02/27/2003

A Pattern Language

Linking Security and Wayfinding

 

Do Opposites Attract?

How do you balance the need to be client-, customer-, and employee-accessible while protecting the same people from potential physical threats? Here are some tips that can help:

  • Conduct a risk assessment audit and get a clear understanding of the security issues facing your organization.
  • Evaluate access and egress points and determine if you need reception, security cameras, or increased lighting at these locations.
  • Explore biometric technologies and determine if these are right for specific high-security areas in your organization.
  • Encourage people to know who works in their building so they can help determine who does not “belong.”
  • Provide limited traffic access to high-security areas and locate these departments away from public spaces.
  • Consider posting additional exit signs near the bottom of doors for smoke-related emergencies, so people have no trouble locating exit doors.
  • Know your vendors and provide escorts to all mechanical areas of the building.
  • Provide heightened visual and acoustical privacy for private areas.
  • Use landscaping, foot paths, and lighting to control and direct exterior foot traffic.

Initially, the concepts of wayfinding and security seem diametrically opposite. Simply put, wayfinding helps you get some place, and security – more often than not – helps keep you out of certain places. So, how do you help people find their way around, while at the same time, keeping them away from places where they do not belong?

In essence, wayfinding techniques enhance our natural spatial navigation. They provide clues specifically designed to help negotiate the unfamiliar. These hints help us reach destinations, minimize our anxiety in getting lost, and can often help keep us safe.

According to a recent Booz Hamilton Allen study, at least three-quarters of the executives surveyed expressed increased interest in security issues. Interestingly, most of their concerns centered on day-to-day activities such as mail processing, travel, employee protection, and protection of offices and physical plants. Considering this increased interest in the security of daily activities, one wonders if current security practices are still valid.

Christopher Alexander’s seminal work, “A Pattern Language,” describes spatial problems that occur repeatedly in the environment. His methodology and writings are primarily based on towns, buildings, and construction; however, his work has interesting correlations to office planning.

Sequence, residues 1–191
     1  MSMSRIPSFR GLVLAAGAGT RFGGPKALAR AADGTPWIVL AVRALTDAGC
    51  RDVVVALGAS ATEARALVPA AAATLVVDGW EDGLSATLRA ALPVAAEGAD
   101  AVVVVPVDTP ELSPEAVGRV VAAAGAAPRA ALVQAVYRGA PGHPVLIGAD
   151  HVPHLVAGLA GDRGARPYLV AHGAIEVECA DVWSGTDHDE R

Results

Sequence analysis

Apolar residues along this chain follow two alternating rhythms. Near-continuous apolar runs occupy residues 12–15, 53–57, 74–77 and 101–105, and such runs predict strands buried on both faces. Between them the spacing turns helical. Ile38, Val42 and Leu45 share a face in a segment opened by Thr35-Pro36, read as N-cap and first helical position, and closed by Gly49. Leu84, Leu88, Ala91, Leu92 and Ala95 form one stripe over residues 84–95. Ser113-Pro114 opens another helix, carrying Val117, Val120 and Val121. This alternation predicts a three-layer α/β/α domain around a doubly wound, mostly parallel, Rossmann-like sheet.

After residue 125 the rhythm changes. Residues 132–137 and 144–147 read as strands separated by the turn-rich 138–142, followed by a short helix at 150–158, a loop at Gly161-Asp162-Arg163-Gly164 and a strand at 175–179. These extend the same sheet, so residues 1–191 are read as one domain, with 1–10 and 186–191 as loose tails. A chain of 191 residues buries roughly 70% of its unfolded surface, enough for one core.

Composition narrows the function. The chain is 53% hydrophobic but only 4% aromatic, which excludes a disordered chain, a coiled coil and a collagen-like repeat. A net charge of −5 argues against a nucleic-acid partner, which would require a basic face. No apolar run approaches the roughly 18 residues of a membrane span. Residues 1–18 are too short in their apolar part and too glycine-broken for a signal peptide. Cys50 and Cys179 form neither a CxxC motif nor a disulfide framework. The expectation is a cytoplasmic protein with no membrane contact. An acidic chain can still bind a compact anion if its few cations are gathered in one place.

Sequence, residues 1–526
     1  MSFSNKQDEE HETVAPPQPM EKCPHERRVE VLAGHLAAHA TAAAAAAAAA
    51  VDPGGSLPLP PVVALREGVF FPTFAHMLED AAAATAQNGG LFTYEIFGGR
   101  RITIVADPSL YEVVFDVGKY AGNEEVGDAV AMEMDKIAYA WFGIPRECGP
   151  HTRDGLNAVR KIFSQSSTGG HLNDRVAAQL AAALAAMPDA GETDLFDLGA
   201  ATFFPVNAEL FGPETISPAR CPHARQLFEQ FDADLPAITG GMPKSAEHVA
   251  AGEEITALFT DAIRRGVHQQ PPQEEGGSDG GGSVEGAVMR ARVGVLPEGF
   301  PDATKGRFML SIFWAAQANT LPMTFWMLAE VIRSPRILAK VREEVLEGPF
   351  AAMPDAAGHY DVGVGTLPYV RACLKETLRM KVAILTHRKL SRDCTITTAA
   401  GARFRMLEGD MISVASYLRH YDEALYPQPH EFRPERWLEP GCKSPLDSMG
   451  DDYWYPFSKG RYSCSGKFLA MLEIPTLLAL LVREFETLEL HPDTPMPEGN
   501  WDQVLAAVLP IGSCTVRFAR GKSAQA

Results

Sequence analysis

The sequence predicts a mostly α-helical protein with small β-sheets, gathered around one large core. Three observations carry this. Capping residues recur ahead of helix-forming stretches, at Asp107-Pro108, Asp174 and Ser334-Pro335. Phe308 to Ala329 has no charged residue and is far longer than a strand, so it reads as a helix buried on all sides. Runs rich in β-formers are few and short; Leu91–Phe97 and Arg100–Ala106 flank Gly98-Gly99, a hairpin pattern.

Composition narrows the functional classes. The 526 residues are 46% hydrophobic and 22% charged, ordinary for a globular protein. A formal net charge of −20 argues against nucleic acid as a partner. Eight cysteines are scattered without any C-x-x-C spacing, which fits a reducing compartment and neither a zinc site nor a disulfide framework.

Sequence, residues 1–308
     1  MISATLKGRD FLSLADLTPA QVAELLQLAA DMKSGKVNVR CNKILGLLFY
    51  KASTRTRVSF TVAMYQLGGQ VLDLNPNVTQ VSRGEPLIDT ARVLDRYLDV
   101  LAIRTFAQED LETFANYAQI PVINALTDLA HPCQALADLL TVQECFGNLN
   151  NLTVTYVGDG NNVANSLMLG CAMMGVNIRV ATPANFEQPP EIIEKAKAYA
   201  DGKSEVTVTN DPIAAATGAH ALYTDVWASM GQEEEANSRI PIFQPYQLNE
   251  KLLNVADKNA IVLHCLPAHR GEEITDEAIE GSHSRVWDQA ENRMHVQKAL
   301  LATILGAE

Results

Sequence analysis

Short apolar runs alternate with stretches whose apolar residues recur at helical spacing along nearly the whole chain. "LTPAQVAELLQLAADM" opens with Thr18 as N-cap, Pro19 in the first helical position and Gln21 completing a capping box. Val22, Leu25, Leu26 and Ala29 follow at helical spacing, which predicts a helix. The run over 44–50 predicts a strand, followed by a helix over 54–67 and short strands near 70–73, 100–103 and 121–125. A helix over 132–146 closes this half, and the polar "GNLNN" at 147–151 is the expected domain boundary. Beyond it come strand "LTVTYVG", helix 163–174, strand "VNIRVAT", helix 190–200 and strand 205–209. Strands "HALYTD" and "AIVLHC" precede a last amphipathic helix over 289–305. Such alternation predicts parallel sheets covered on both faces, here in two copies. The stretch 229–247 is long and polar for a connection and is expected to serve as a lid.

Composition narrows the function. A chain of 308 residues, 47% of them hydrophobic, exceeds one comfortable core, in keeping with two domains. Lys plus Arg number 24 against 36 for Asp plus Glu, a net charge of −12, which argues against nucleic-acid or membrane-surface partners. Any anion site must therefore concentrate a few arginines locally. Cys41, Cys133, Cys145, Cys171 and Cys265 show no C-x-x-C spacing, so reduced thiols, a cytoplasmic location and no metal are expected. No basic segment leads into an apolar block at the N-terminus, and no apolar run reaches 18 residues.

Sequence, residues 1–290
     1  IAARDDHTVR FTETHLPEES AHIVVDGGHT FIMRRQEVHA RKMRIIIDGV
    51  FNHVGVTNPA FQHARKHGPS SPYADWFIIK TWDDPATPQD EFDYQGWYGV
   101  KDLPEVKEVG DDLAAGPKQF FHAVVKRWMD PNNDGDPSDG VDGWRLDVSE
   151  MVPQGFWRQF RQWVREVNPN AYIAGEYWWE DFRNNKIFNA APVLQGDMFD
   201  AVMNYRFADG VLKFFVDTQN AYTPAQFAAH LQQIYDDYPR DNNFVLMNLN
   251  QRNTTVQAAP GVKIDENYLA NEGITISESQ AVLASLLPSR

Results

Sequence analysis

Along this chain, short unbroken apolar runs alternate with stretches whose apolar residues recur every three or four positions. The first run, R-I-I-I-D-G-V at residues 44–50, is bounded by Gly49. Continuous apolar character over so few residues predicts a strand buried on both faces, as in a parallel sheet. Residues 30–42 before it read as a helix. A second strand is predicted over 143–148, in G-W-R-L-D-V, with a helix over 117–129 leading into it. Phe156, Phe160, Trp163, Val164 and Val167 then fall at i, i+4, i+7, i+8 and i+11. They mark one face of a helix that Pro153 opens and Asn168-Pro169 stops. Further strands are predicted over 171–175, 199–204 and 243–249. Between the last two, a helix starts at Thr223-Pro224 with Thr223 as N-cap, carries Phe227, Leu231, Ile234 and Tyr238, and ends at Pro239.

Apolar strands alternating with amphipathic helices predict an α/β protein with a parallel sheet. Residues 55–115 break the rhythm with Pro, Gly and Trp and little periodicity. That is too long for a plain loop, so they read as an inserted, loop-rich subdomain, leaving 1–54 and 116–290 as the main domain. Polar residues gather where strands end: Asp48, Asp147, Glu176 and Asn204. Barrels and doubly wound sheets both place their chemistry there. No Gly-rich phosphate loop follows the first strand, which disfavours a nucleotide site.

His reference to roads is easily applicable to the need of directing high volumes of people away from high-security office areas. He states, “Lay out local roads so they form loops. A loop is defined as any stretch of road that makes it impossible for cars that don’t have destinations on it to use it as a shortcut.” To further discourage high volume, he recommends specific roads be designed considerably narrower than other roads. With that in mind, routes that lead to secure areas should not be on the main path and should not be shortcuts to other locations.

There are also patterns for where and how roads intersect. The concept of a junction is applicable to people meeting and converging at workstations and office hallway intersections. Random meetings are great for collaboration and building social capital; however, they should not occur near high-security areas. Therefore, when considering wayfinding and security, three-way stops are preferable over four-way stops.

The desire for a high-security area in a building is also reflected in Alexander’s pattern for housing that is more “private than public.” In this same regard, high-security areas should be more remote and not share boundaries with public spaces, café areas, or other gathering places.

No one pattern lives in isolation. A physical environment can support the overlapping needs of wayfinding and security, but only to the extent that one understands the relationships between business objectives, human behavior, and the physical space. An increased awareness in security creates wayfinding challenges – but with thoughtful evaluation and planning, these challenges can be understood and overcome.

Pam Brenner is manager of workplace issues at Grand Rapids, MI-based Steelcase (www.steelcase.com).

 


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Visit our website today to learn about the design flexibility of a Morton building and the endless possibilities of partnering with our designBUILD team.


Wood construction is both cost and energy efficient. Check out Morton Buildings and our designBUILD team online today to discover all the benefits of post-frame construction.


When choosing a metal-clad building for your next construction project, consider Morton Buildings, Inc., and their designBUILD team, we’ll make your dream a reality.

Bluebeam® Revu® simplifies digital facilities document management from design review to leveraging as-builts, maintenance manuals and O&Ms submittals.

We Can Help You Reduce Energy by 30%

Our mission is to help our customers manage their buildings' energy costs, improve reliability, and enhance performance while having a positive impact on the environment.
CLICK HERE to find out how.


 
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